Friday, February 13, 2009

Systematic theology

Systematic theology and the Bible.

Anyone who purchases and peruses a Systematic Theology will recognize a vast difference in structure, appearance, style and organization between it and the Bible. Why? Is that good, bad or indifferent?

What is Systematic Theology?
A sampling from the internet indicates a hodge-podge of ideas that have a core agreement. For a concise definition,
Norman Manzon says the goal of systematic theology "is to address and arrange all Bible subjects topically in a formal, systematic arrangement."

"Systematic theology is a discipline of Christian theology that attempts to formulate an orderly, rational, and coherent account of the Christian faith and beliefs. Inherent to a system of theological thought is that a method is developed, one which can be applied both broadly and particularly." --
Wikipedia, the Free Encyclopedia

"Systematic theology is any study that answers the question, 'What does the whole Bible teach us today?' about any given topic.

"This definition indicates that systematic theology involves collecting and understanding all the relevant passages in the Bible on various topics and then summarizing their teachings clearly so that we know what to believe about each topic." --
Wayne Grudem (Systematic Theology, pg. 13)

According to
John Stevenson, systematic theology is "the study that follows an analytically devised scheme to organize into a single system all of the truth that we have about God and His universe."

"The word theology means 'study of God'. Systematic refers to something being put into a system. Systematic theology is, therefore, the division of theology into systems that explain its various areas. For example, many books of the Bible give information about the angels. No one book gives all the information about the angels. Systematic theology takes all the information about angels from all the books of the Bible, and organizes it into a system - angelology. That is what systematic theology is all about - organizing the teachings of the Bible into categorical systems." --

The benefits of Systematic Theology
The practical benefit of systematic theology is the collecting of all the information on any particular topic and studying it as a unit -- all the Bible says about creation, all it says about redemption, all it says about the church, all it says about baptism, &c. In that sense systematic theology is Bible study and based on the Bible. When placed in book form there is usually a summarization of the various subjects by chapter. It is ordered and presented in a logical (and sometimes "chronological") fashion to attempt to make it easy for the human mind to grasp.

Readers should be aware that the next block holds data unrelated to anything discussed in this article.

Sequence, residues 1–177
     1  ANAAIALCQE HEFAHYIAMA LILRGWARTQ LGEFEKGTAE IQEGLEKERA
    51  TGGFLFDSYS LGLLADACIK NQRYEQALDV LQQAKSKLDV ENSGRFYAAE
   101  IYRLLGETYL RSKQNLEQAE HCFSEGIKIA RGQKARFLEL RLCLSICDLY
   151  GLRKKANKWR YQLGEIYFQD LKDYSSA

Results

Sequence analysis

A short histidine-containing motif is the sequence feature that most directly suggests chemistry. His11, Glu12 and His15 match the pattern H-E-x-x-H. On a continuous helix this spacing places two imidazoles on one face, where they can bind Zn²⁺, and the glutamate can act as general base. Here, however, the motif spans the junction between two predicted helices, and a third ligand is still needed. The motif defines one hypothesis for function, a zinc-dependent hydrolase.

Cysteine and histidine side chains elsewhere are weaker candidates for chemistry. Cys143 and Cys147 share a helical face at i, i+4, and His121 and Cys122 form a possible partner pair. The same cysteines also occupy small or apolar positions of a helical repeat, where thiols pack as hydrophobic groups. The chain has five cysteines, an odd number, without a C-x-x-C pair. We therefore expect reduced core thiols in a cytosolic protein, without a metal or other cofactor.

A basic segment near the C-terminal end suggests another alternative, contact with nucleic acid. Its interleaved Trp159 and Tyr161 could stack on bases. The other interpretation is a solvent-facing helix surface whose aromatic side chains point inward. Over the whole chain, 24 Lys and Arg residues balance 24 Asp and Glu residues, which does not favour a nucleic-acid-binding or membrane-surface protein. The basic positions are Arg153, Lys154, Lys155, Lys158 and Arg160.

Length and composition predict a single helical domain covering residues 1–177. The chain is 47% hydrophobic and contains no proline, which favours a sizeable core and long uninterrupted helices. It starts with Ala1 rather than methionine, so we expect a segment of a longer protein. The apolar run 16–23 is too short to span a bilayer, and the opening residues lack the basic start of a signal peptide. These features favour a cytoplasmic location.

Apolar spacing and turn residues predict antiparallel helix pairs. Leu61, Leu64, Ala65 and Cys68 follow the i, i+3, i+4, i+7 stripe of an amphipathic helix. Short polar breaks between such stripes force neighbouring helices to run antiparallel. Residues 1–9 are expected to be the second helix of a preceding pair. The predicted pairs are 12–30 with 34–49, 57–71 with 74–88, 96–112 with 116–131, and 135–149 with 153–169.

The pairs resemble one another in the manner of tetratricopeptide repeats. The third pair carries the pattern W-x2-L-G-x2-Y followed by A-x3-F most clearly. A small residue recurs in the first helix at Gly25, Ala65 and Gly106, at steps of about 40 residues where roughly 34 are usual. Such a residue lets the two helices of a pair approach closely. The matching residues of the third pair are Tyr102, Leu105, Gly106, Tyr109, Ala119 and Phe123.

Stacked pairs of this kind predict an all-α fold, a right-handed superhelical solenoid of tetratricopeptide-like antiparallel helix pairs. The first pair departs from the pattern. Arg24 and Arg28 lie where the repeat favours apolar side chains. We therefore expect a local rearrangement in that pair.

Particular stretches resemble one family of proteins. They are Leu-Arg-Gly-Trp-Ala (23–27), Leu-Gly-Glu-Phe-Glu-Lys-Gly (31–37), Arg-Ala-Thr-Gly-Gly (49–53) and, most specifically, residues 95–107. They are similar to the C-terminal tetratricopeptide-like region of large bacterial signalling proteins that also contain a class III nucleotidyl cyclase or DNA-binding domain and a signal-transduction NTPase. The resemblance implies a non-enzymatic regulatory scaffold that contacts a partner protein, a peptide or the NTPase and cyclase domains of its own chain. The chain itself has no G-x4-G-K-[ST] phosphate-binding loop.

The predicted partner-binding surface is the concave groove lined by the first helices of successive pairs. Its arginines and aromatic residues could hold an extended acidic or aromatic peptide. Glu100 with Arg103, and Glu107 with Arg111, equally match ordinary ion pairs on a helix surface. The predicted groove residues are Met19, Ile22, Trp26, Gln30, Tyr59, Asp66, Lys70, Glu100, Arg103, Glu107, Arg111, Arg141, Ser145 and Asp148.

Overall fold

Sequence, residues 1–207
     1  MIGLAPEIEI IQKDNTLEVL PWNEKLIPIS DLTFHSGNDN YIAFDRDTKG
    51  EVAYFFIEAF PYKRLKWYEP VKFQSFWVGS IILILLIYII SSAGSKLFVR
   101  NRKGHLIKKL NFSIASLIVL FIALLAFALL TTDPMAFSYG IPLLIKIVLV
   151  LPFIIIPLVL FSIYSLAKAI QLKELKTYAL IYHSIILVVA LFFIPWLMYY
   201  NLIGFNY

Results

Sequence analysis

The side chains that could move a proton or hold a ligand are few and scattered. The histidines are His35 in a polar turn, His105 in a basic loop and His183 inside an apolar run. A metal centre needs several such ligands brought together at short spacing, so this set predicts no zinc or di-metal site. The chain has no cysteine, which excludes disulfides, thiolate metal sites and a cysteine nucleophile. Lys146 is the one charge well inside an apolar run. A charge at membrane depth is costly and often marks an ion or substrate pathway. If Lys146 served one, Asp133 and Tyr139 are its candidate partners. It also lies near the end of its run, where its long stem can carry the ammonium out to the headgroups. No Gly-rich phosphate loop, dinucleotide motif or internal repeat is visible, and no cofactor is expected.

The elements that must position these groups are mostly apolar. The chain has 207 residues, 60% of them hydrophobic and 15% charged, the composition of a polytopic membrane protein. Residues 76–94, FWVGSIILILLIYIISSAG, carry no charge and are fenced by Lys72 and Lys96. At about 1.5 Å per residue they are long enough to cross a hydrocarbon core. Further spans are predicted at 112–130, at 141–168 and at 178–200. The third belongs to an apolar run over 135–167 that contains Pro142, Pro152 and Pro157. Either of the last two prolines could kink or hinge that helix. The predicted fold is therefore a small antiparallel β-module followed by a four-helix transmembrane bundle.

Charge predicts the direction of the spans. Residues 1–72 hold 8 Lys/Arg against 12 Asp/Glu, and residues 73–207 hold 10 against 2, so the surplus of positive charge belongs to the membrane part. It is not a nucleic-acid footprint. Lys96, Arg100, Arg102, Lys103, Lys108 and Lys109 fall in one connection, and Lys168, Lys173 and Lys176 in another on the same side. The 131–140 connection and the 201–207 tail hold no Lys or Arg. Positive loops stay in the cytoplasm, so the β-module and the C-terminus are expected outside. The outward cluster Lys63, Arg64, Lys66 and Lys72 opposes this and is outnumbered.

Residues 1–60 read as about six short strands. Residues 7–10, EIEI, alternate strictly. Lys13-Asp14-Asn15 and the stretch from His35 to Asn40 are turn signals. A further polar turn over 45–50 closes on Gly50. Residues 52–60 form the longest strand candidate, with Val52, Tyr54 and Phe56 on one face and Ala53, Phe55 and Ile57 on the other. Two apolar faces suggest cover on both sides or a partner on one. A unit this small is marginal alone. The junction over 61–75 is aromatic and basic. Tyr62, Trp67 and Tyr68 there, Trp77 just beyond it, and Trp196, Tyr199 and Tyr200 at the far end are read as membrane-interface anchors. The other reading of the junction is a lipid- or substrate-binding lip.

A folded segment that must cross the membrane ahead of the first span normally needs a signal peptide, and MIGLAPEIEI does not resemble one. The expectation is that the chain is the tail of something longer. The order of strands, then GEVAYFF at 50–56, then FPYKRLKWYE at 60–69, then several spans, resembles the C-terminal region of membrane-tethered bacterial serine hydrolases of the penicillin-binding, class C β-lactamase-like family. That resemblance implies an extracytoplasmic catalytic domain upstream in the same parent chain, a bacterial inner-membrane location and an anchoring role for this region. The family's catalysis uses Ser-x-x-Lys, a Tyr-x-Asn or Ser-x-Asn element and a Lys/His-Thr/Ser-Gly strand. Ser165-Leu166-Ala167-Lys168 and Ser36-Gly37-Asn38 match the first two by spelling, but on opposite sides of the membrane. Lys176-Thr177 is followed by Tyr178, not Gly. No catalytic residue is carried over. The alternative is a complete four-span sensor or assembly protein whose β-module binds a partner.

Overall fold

The pitfalls of Systematic Theology
When we describe a Systematic Theology as a presentation that makes it easy for the mind to grasp, that brings up a question. Given the vast difference between a Systematic Theology and the Bible, do we then conclude that God has presented the Bible in a way that is difficult for the human mind to grasp? If the answer is no, then why do we need systematic theology? If the answer is yes, then (1) did God intend to present His truth in a comprehendible fashion, but did not, or (2) are we foolishly trying to make easy something God has purposefully made difficult? I'm not sure I have the answers to these questions.

Perhaps the most dangerous element of systematic theology is not the system itself, but how the individual Christian responds to it. The individual may allow the theologian to do his or her studying of the entire range of the Bible on any given subject. Once he falls into that trap, he may then study the Bible not with a "what does this mean" attitude, but with a "how does this fit my (adopted) theology" attitude. (And this can even be a problem if we have our own systematic theology.) John Stevenson wrote, "We must recognize that God and the Scriptures rule over our theology and not the other way around." For many individuals, their system rules the Scriptures, rather than the Scriptures forming their system. Sometimes this happens by forming a system without taking into account all the Scriptures have to say on a given subject. With the preconceived ideas in tow, each verse or paragraph or chapter is forced through the theological grid we've developed. We effectively inoculate ourselves from the Scripture rule as we hide safely behind our system. "It can't mean that!" "That would contradict what I believe about ...." (Maybe what I believe about .... needs to be contradicted.)